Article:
Dazzling photos of the world above and below the ocean waterline, showcased in David Doubilet’s book Two Worlds: Above and below the sea, reveal Earth’s rich duality
17 November 2021
Photographer David Doubilet
THESE dazzling shots cross the line between ocean and air, revealing our planet’s rich duality. They are taken from Two Worlds: Above and below the sea, a photography book by underwater photographer David Doubilet, with essays by Kathleen F. Moran and Kathryn D. Sullivan.
Doubilet captured the hypnotic hues of a lion’s mane jellyfish (Cyanea capillata) above in Bonne Bay fjord in Gros Morne National Park on Newfoundland, Canada.
Kimbe Bay in Papua New Guinea provides a stunning environment for a father and son as they glide across the water on a fishing boat above a carpet of corals. Part of the Coral Triangle of reef systems in the Pacific Ocean, Kimbe Bay is home to around 400 species of coral.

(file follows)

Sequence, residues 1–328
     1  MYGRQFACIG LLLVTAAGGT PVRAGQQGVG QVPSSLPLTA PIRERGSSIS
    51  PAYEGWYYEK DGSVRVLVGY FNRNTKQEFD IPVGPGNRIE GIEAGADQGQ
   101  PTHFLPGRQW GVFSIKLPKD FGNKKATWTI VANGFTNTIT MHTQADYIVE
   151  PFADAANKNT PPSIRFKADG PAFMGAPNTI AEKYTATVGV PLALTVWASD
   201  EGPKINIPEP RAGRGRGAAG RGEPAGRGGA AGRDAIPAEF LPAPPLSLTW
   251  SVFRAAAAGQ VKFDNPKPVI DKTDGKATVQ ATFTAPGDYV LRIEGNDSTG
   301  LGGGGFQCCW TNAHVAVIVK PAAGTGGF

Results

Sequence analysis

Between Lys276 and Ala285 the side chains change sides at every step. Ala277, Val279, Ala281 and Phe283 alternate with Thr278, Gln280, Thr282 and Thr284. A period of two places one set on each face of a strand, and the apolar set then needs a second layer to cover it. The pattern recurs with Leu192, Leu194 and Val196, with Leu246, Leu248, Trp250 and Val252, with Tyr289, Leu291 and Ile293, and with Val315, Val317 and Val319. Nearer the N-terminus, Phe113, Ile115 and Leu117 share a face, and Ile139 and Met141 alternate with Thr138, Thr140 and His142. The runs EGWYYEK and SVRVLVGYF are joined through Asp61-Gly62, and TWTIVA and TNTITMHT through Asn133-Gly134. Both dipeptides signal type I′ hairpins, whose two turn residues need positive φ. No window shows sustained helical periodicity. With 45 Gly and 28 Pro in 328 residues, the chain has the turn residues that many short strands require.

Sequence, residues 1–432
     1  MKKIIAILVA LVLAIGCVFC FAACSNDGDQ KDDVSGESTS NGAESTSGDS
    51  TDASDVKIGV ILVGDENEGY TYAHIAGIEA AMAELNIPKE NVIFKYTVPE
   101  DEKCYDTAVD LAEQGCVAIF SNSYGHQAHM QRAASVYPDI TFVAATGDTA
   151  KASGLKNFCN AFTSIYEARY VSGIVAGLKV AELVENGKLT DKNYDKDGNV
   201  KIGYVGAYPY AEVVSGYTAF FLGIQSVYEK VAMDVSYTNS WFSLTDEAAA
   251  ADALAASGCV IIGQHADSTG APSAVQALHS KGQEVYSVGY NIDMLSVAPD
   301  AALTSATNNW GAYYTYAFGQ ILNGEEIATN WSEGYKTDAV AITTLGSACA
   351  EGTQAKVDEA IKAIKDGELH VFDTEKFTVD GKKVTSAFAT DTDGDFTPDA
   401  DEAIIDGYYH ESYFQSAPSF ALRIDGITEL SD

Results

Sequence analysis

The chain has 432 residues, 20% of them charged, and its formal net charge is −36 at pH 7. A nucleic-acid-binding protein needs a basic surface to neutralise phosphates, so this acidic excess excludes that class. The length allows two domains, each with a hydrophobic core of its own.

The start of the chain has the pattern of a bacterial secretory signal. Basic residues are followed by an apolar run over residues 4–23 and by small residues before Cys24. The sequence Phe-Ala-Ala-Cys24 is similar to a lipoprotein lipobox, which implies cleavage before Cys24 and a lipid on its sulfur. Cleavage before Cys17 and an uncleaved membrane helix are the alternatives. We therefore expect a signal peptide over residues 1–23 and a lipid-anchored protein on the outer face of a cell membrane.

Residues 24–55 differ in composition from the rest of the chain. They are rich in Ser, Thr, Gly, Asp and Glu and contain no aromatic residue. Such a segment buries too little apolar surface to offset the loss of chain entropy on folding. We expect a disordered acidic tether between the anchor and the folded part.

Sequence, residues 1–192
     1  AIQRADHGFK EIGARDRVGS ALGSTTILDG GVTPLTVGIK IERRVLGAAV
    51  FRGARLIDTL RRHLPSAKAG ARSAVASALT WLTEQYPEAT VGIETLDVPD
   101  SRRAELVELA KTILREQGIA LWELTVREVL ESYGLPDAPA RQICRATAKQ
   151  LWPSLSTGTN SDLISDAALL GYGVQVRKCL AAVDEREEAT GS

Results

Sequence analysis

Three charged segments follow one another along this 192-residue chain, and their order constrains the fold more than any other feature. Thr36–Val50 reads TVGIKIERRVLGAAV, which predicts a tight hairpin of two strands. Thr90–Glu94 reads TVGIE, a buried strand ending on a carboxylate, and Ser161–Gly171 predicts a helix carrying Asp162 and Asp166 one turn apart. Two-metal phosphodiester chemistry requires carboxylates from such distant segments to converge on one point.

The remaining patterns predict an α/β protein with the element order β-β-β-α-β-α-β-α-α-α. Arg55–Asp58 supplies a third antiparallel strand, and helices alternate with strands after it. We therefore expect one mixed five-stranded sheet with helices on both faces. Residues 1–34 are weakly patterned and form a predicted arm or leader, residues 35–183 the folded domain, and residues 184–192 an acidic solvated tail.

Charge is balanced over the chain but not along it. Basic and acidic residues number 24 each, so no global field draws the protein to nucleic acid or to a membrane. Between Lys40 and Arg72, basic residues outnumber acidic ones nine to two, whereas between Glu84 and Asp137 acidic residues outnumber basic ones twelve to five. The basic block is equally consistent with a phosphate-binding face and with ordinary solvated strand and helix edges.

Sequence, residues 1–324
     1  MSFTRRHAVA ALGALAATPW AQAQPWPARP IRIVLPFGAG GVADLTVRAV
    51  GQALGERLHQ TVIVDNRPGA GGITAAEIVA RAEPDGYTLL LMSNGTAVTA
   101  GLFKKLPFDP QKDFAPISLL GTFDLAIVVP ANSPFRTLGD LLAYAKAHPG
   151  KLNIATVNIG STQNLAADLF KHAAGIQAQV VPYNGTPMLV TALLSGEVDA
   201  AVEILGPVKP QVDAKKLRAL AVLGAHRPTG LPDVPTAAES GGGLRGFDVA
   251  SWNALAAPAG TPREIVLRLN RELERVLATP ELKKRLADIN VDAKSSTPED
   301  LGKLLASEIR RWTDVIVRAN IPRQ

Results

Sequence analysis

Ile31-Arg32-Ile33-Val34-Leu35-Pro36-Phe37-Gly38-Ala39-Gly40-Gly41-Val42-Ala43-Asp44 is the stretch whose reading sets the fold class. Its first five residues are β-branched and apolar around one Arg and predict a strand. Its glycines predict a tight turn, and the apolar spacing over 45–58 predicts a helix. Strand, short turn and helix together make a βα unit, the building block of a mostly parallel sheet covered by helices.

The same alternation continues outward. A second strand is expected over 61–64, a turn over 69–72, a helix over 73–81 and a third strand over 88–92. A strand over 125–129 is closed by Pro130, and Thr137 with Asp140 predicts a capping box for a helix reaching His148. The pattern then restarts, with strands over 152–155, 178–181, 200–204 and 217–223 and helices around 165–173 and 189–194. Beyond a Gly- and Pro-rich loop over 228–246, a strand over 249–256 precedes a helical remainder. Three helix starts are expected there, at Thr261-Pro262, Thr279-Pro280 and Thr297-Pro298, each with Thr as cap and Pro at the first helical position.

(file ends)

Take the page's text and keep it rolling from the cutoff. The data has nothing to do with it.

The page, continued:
At sunset on the atoll of Fakarava in French Polynesia, blacktip reef sharks (Carcharhinus melanopterus) scout the shallow waters of its South Pass for fish. The pass is 200 metres long and frequented by about 700 of these sharks, making it the highest concentration of blacktips anywhere in the world.
Finally, a grounded iceberg off the shore of Devon Island – the world’s largest uninhabited island, thanks to its desert-like climate and rocky terrain – makes for a striking, if fleeting, sight in Nunavut, Canada.
Two Worlds: Above and below the sea is published by Phaidon.
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